It's just as well that the Bible Society has just released a new style guide for journalists - 80 pages of basic information on the Bible and Christianity -- aimed at challenging widespread biblical illiteracy across the media. It came too late for Michael Reiss, who was last week subjected to remarkably uninformed analysis from some of my journalistic colleagues, who simply couldn't understand how an Anglican priest could believe in Creation without believing in Creationism.
Then there's the selection of Sarah Palin, the Miss Congeniality of American Politics, which has guaranteed a slew of increasingly bizarre religion stories all the way to the presidential election in November. And - whisper it nervously - possibly even beyond that.
A Marsian media studies professor might reasonably conclude from the Western press that religion is very much a live issue for human beings. Attitudinal studies across the world would support that conclusion, on a massive scale.
In some ways, a more challenging question we might ask today is not why religion appears to be in retreat in some places, but why atheism is not overwhelmingly on the advance. Where once we used to ask whether God is dead, now sociologists are asking whether secularisation theory is dead.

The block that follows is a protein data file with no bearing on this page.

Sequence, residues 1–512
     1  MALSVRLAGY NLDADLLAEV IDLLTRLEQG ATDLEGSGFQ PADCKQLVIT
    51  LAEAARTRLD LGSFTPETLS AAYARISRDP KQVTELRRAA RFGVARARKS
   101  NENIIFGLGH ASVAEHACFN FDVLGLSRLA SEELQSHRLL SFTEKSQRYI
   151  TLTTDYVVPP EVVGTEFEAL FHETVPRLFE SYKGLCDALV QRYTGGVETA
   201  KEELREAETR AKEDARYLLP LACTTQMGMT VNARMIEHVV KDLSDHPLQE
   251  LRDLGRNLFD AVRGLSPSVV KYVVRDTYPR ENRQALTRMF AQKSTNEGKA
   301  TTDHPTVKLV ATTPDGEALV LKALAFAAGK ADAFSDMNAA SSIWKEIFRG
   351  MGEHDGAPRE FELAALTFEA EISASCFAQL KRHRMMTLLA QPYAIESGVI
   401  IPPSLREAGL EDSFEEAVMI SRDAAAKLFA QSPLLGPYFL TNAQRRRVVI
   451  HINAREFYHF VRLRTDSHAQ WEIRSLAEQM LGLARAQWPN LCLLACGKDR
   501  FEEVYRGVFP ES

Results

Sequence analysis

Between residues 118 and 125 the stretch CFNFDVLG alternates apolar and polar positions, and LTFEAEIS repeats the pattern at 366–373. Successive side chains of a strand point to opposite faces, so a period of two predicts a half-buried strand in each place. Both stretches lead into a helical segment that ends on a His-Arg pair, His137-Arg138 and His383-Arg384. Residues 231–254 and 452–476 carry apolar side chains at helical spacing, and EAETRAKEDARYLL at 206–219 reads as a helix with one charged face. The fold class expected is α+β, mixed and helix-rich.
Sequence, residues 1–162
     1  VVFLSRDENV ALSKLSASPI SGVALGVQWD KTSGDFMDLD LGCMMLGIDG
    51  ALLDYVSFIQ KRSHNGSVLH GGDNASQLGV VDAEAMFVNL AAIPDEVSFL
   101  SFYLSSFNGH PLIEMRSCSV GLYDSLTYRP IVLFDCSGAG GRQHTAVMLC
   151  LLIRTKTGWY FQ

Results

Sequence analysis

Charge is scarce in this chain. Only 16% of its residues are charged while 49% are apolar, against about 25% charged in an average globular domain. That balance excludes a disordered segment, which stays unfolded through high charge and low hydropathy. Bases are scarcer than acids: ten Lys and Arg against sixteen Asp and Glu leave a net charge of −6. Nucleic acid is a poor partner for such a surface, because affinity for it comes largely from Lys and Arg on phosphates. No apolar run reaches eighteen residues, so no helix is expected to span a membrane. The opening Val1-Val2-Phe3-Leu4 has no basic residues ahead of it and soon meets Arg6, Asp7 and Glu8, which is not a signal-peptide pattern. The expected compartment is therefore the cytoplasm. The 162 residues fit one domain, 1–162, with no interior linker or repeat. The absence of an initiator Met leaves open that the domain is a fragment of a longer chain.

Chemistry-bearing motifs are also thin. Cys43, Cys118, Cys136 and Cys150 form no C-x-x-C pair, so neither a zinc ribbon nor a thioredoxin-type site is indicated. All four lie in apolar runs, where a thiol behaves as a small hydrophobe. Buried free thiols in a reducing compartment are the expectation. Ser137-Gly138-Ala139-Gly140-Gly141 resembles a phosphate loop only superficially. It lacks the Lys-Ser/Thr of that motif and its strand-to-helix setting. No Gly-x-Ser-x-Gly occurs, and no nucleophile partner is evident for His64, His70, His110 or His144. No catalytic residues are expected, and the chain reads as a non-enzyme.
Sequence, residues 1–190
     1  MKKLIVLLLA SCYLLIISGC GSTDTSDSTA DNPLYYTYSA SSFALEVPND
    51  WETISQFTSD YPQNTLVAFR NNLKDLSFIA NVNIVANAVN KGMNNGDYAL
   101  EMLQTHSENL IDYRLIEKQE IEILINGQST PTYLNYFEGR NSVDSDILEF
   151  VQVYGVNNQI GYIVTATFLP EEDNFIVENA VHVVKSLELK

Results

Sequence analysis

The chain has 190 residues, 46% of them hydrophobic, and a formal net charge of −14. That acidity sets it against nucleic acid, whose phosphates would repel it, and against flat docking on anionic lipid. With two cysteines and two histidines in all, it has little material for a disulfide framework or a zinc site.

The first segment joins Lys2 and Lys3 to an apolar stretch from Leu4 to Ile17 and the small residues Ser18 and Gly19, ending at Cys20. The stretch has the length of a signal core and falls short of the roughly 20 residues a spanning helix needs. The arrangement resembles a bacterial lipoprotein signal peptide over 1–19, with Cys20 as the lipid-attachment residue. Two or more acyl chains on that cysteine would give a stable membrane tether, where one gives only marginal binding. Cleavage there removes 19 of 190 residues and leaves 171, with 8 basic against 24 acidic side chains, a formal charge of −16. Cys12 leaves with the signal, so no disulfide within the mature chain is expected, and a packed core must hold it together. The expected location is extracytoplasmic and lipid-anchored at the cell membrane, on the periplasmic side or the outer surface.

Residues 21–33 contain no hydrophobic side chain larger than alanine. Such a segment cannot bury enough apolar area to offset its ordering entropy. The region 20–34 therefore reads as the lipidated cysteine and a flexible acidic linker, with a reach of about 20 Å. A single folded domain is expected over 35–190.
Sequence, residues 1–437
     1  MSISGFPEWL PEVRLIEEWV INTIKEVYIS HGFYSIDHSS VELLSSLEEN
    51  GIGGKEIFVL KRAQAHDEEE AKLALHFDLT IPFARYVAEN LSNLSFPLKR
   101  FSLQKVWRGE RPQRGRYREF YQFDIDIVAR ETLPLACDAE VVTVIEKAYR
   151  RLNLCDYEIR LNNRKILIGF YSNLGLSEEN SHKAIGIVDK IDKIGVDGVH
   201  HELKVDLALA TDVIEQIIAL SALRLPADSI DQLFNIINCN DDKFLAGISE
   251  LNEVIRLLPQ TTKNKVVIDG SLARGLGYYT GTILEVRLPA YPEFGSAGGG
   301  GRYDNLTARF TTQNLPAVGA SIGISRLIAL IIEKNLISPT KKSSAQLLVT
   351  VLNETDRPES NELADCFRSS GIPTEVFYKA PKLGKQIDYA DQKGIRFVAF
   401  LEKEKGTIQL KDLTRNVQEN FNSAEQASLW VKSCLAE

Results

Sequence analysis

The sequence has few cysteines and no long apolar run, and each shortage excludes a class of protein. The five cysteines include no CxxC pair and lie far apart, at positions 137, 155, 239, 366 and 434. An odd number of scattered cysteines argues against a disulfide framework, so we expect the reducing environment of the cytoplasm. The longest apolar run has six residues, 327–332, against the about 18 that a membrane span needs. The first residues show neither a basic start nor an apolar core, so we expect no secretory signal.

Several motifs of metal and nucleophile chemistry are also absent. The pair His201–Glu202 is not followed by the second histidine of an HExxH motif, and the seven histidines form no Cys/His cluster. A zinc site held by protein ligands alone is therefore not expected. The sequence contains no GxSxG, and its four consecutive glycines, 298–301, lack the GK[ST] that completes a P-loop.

Re-sacralisation is now a hot topic. The re-enchantment of the post-Enlightenment world, the re-discovery of the mystical in the midst of the mundane, the recognition now given to places of secular mystery. The postmodern mind gives significant space to science - but it is not uncritical space, and there is space left over for art, music, theatre, and God.
But here's the difference that Malachi is calling us to notice. That new process of sacralisation is unmediated by church authorities such as bishops, priests, and prayerbooks. The prophets of the new spiritual revolution are more likely to be singer-songwriters, artists, poets, and novelists.